Organizing with ADHD. The Homework Space | SOAR NC
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ADHD RESOURCES

Organizing with ADHD. The Homework Space!

Helping your child keep their homework space organized can greatly influence their time management skills, productivity, efficiency, and confidence in whatever they are working on. It is so easy to get disorganized, especially for kids with ADHD, and we all struggle with it at times. By teaching basic organizational skills and making them routine, you are building a foundation of success for your child at home, school, and as an adult in the workplace. The tips below are very basic and generally helpful. However, before trying any of these, we encourage you to reflect on a time when your child was able to organize something and they stuck with it. For example, maybe your son or daughter always keeps their room organized but just cant seem to keep their backpack organized. Reflect on some of things that made the organization of their room such a success and apply that to helping them organize their backpack.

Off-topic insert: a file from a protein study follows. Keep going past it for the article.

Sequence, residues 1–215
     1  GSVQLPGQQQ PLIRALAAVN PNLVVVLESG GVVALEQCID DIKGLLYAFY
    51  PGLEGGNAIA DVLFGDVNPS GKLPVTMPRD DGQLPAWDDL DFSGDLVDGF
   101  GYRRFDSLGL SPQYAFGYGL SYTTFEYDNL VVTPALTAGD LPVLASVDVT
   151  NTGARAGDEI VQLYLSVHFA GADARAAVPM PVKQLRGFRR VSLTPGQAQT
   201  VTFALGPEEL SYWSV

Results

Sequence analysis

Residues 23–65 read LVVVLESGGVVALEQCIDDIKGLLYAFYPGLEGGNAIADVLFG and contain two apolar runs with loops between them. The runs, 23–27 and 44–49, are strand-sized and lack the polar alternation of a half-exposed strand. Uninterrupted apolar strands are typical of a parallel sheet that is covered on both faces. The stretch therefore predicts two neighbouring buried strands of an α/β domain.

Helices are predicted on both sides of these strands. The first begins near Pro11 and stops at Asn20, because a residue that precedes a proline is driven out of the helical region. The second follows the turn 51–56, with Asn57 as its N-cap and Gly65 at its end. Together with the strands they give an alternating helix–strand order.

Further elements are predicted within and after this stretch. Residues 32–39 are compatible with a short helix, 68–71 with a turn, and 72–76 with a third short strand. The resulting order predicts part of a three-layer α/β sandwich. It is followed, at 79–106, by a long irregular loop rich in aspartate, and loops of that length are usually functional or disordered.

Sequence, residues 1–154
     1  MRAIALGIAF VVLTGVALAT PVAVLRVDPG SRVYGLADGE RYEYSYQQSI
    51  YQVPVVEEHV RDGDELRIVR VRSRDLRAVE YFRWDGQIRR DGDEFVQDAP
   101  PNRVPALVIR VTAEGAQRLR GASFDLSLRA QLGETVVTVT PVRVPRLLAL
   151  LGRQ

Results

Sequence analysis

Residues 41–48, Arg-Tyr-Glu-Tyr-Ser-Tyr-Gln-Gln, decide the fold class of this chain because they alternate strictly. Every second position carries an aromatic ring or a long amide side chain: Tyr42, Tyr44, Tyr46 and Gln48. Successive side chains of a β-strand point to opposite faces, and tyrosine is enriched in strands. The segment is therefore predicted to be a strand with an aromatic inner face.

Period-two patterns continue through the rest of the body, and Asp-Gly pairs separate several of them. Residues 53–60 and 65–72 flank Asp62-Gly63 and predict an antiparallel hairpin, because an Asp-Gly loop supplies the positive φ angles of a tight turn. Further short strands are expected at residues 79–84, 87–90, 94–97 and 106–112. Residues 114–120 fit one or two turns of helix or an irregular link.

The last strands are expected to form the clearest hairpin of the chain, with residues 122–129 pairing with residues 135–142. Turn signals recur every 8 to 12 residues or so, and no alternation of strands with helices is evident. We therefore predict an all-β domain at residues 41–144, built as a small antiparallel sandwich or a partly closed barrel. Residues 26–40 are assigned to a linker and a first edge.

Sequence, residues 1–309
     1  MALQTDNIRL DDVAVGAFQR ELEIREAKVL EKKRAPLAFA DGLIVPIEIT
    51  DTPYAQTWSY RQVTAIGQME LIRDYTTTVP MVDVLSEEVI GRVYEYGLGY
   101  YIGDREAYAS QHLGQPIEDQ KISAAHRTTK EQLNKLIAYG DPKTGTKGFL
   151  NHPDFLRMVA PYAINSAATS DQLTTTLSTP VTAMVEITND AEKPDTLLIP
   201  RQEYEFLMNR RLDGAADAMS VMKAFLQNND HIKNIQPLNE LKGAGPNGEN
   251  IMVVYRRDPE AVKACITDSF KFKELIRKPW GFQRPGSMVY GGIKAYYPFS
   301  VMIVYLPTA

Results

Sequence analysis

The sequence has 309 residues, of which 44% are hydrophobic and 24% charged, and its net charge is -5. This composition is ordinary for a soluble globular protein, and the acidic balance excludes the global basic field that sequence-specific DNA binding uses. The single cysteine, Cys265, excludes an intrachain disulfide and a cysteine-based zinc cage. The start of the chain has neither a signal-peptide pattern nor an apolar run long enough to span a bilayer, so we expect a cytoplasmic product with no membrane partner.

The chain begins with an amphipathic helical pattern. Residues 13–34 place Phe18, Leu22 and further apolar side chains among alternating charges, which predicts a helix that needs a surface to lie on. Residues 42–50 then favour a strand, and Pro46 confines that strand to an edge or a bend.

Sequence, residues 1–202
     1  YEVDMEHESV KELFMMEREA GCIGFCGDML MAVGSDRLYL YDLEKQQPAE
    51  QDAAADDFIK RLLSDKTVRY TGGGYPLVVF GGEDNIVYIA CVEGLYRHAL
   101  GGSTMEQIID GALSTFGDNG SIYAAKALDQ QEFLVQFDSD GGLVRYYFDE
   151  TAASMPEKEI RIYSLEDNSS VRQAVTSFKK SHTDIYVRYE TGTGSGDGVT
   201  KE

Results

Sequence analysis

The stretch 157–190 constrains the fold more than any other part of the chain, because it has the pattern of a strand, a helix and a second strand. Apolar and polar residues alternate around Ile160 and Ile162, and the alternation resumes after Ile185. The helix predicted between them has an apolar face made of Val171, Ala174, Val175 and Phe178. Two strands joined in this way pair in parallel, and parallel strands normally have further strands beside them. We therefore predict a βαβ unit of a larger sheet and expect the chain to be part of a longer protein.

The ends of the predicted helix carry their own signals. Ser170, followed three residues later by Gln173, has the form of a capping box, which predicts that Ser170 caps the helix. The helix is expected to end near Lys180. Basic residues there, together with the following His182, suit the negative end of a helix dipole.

When I say we all struggle with organization, I mean everyone. While writing these tips, I decided to go ahead and apply them to my own work space. Here is my desk pre-organization…..

Messy Desk

 

 

 

 

 

 

 

Getting organized can be overwhelming, so start out with eliminating clutter. Often times, eliminating clutter simply means putting things away (which we’ll get to), but it also means getting rid of any unnecessary items. For example, if your child is preparing for a science test, he will probably want to have paper, pens, and his science book handy. Having other subjects or unrelated items adds unnecessary clutter.

Clutter vs No Clutter

 

 

 

 

 

Have a designated place for everything and put them in their place when you’re not using them. Doing this helps create routine, prevents clutter, and ensures that you always know where to find things!

Putting Things Away

 

 

 

 

 

 

To Do listStart a to-do lists and keep it brief. To-do lists can help bring focus back to goals and the task at hand. By keeping it brief, your child is less likely to get frustrated and more likely to stay on task. If you want to take it a step further, add designated times to work on each item on the list.

 

 

 

 

Organize frequently. Once you have established a routine that works, keep it up! Set aside one day each week that to get organized. For example, to be sure your child is prepared for the week, sit down on Sunday nights and organize their homework space, backpack, and assignments to make sure everything is in order for the upcoming week.